"How do you kill her?"
"With a fork."
"A fork? That sounds pretty drastic."
"Well, the way I look at it, people are getting killed with knives all the time. I figured it would be an interesting plot twist to use a fork."
"Look, no offense Nick, but have you ever thought about writing something a little bit... happier?"
Nick looked at me for the first time. "You should talk?"
"No, I know, but when it comes to your writing... I mean, someone gets killed in every single story you write."
"I write what I feel. I'm staying true to my muse."
That was the end of that conversation. I offered Nick a drink, but he declined. He usually didn't stay long.
"Been out lately?" Nick asked.
"You know the answer to that," I replied drily.
"We all have our crosses to bear," he said. "Although I can't really say I blame you. The world has become intolerable."
Nick got up and left a few minutes later, as abruptly as he'd come in. The world had always been intolerable, but at least I'd been able to pass through it before. They had me backed into a corner, down in my hole, sitting around waiting for death like some frightened rodent. This was no way to live. Something eventually would have to be done.
It was Monday night, the music was on and the lights were way down low. A million thoughts were rolling around in my head. Monday was normally grocery day and I hadn't gone. Probably time to go the delivery route. I could see through the blinds that the neighbors across the street were still flashing those blasted lights around; they were clearly up to no good. It was making me nervous. I turned the stereo up a bit louder to distract myself.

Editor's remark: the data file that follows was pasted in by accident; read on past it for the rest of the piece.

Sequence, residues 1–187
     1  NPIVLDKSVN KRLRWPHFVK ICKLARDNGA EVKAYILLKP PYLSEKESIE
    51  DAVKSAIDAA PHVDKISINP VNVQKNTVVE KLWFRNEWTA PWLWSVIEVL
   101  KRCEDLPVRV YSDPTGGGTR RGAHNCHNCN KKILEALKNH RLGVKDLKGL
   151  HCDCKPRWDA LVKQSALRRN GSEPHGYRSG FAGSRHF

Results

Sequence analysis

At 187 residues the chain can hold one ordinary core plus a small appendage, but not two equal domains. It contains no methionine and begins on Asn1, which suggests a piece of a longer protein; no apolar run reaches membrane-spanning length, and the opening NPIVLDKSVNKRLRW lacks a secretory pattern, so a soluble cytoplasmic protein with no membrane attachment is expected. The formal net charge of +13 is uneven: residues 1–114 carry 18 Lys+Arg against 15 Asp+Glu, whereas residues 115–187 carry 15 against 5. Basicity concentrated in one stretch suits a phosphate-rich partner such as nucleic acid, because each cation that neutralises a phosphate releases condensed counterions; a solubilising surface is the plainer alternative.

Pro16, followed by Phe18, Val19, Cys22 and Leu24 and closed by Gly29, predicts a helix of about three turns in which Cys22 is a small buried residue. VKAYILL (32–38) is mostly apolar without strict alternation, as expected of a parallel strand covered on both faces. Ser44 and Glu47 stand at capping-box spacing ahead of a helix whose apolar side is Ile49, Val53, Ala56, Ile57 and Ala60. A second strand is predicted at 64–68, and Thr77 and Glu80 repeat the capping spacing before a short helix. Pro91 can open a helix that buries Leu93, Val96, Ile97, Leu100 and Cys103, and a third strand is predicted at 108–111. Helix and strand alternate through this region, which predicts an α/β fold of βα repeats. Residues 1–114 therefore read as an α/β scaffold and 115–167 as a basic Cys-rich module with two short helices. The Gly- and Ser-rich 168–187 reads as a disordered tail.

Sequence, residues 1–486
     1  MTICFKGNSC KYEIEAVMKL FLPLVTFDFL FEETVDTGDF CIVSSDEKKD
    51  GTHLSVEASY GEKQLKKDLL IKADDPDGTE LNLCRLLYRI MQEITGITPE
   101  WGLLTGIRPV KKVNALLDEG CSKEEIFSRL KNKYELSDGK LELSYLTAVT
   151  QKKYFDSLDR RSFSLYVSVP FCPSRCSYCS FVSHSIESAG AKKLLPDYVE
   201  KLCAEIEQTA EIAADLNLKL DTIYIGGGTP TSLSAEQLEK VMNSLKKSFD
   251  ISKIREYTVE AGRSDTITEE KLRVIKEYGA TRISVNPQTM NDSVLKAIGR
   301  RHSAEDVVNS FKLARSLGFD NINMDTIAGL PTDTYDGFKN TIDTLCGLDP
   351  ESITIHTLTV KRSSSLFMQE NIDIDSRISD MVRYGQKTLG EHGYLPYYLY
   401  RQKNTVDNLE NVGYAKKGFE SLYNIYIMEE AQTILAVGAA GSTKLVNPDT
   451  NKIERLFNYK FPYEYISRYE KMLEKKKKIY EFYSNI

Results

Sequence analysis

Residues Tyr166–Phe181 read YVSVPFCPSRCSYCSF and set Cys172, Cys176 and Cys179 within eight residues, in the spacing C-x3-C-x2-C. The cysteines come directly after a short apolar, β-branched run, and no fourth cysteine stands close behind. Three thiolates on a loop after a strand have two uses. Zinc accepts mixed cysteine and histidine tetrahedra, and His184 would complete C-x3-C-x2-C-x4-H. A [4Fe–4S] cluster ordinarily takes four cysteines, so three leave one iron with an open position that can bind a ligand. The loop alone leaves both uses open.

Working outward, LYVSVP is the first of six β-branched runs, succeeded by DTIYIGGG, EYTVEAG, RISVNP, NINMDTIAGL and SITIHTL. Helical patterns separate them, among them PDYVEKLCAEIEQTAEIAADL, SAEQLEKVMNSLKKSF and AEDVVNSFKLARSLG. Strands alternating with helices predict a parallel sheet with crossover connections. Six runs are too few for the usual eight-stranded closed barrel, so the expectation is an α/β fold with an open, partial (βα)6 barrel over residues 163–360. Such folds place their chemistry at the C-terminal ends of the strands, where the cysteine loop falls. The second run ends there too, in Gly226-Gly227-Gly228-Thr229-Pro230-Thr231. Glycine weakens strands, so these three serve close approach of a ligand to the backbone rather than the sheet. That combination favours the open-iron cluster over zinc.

Molly called. "It's your Dad's birthday tomorrow, don't forget," she said.
"Did you go shopping today?"
"Why not?" There was sinister laughter at the other end of the phone. I didn't answer.
"If you're not going to take me to the movies like we talked about, then I'm going to go with that guy at work, the one that keeps asking me out," Molly said.
"Go right ahead," I said.
"It's going to bother you if I do, and you know it," she teased.
"Why would it bother me? You can do whatever you like, it's a free country," I grumbled back. Molly was a little full of herself sometimes.
We hung up and I went into the kitchen for a snack. My heart was beating too fast again, it was going to be one of those nights. I wouldn't sleep a wink. The damn thing was just thumping away, and the stupidest part was, I didn't even know what for. I went back into the den and put another CD on. Might as well stay up for awhile.